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Robert Treat Paine Papers, Volume 3

Extract from the Minutes of the Continental Congress
Continental Congress
Friday, March 1, 1776

A letter from James Mease, commissary, with sundry queries, relative to his conduct as commissary, on which he requests the directions of Congress, was read:1

Resolved, That it be referred to a committee of three. The members chosen, Mr. Rutledge, Mr. Paine, and Mr. Hewes.

Printed in Journals of the Continental Congress, 4:180.


Richard Smith had noted in his diary as early as Jan. 26 that a committee was “chosen to examine Commissary Lowrey & Mease’s Fees of One and a Quarter per Cent it being suggested to be extravagant” Letters of Delegates to Congress, 3:157). This follow-up committee was appointed more than a month later, but when it brought a report to Congress on Mar. 18, the report was tabled (Journals of the Continental Congress, 4:211), and Mease continued his work as commissary.

James Mease, a member of the Committee of Safety for Philadelphia, was appointed commmissary for Pennsylvania Continental troops in January 1776. He was clothier general to the Continental Army from January 1777 until that department was reorganized in 1779 (The Papers of George Washington: Revolutionary War Series, 8:5).

To Joseph Palmer
RTP Palmer, Joseph
Philadelphia, March 6th, 1776.

I have written Mr. Cushing a long letter on cannon foundery, which you will see. I am desirous to have cannon founding set up our way if we have ore.

Thus, my friend, you find a lawyer, whose business is scientific, labouring through a long detail of the mechanism of cannon foundery; let not this surprise you, for if cannon are the ultima ratio, surely a discourse on them must be chopping logic.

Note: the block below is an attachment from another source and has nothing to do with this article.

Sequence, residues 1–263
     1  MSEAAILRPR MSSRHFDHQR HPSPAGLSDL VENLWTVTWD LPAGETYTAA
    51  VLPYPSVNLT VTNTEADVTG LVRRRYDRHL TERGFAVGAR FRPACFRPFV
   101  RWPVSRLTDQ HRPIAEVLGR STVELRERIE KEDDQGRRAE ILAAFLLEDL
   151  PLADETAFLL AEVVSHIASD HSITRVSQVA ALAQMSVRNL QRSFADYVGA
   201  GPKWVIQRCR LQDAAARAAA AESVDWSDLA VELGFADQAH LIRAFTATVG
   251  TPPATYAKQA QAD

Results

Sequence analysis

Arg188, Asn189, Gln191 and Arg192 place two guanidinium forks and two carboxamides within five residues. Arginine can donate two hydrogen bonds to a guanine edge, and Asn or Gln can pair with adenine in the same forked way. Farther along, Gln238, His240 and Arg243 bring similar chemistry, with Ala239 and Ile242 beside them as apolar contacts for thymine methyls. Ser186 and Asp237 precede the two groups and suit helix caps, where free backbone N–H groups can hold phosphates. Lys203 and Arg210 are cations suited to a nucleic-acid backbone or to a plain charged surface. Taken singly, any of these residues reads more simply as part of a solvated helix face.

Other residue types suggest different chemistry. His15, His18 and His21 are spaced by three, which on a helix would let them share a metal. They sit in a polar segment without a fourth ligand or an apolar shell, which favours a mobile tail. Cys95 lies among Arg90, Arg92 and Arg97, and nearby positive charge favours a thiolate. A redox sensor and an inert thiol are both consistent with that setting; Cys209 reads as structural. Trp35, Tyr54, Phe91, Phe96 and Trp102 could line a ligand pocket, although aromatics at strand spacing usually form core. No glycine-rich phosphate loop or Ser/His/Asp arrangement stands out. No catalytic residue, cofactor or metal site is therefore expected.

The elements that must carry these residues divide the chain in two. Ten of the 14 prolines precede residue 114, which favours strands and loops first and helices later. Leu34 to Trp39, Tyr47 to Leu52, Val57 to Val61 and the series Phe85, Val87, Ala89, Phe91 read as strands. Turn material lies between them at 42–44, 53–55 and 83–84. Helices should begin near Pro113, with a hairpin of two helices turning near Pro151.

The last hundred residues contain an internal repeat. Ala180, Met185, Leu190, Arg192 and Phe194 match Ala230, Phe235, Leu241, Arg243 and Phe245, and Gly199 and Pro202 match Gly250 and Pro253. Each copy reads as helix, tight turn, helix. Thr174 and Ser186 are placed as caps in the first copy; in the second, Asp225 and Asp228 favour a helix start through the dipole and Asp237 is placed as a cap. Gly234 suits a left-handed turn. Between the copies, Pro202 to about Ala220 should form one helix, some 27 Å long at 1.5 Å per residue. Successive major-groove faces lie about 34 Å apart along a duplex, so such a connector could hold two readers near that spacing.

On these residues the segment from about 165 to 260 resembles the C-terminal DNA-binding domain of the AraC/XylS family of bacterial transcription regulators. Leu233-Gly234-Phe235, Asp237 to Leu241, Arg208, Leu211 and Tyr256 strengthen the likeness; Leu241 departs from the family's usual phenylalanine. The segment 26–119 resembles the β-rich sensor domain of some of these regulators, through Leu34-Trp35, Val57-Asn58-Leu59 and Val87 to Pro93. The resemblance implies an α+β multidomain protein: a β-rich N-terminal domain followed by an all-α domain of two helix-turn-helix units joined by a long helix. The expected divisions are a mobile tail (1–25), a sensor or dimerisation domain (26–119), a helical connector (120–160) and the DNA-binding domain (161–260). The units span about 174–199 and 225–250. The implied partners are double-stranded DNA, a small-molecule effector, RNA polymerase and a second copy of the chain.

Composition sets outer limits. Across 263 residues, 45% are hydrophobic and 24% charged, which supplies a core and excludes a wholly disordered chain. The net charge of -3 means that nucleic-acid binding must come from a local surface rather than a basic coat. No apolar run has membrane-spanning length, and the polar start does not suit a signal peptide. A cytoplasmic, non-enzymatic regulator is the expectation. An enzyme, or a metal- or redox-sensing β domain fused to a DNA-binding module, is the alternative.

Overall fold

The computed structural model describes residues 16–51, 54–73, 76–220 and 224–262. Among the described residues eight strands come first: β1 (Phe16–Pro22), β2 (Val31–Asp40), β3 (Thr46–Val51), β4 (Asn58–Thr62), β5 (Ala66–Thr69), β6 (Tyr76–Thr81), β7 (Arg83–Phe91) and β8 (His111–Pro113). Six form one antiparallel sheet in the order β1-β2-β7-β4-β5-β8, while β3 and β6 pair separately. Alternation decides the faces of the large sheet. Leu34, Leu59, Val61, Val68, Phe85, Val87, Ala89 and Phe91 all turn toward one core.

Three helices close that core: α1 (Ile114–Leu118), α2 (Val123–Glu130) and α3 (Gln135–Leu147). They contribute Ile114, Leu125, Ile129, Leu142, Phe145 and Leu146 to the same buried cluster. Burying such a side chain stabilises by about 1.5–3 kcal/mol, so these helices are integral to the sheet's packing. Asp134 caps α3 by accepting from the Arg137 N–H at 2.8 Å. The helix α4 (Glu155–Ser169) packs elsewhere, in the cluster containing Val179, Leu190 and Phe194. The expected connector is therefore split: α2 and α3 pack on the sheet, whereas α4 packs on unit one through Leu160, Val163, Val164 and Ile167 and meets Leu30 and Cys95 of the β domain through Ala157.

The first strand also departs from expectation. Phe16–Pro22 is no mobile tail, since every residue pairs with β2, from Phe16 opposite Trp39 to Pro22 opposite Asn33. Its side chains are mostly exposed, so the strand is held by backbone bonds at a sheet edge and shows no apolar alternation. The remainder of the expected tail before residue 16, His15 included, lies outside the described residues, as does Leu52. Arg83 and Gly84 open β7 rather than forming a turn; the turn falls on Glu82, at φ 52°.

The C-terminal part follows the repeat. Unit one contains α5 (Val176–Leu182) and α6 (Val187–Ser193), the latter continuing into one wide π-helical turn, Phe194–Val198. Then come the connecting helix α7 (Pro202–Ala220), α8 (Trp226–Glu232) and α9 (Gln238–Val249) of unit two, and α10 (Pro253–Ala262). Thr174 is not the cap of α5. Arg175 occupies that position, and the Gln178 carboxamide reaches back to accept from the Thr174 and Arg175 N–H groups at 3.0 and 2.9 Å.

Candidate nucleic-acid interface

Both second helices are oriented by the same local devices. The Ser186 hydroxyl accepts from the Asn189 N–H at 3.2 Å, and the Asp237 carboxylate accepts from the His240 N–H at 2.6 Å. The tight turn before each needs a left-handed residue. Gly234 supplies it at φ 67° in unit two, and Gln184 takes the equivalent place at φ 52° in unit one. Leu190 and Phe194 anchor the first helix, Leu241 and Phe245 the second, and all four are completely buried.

In search of true freedom in vain do we roam, To hold it for ever we must find it at home.

America never can support her freedom till we have a sufficient source of arms and ammunition of all species among ourselves, and the more these sources are distributed among the colonies, the greater the security of external and internal peace. In pursuance of this idea, I am of a com­173mittee who are labouring to push saltpetre and gunpowder making through all the colonies, and are also devising methods to establish a regular and extensive manufacture of muskets, and hope soon to exhibit.

* * * * * *1

When I began, I intended to have answered some of your political observations, but having exerted myself so much on the sine qua non, you will neither doubt my orthodoxy, nor expect my answers, till I have taken breath from writing, and you from reading.

Thomas Cushing

Original not located; reprinted from the New-York Review and Atheneum Magazine 2(1826):400.


Ellipsis in the printed transcript.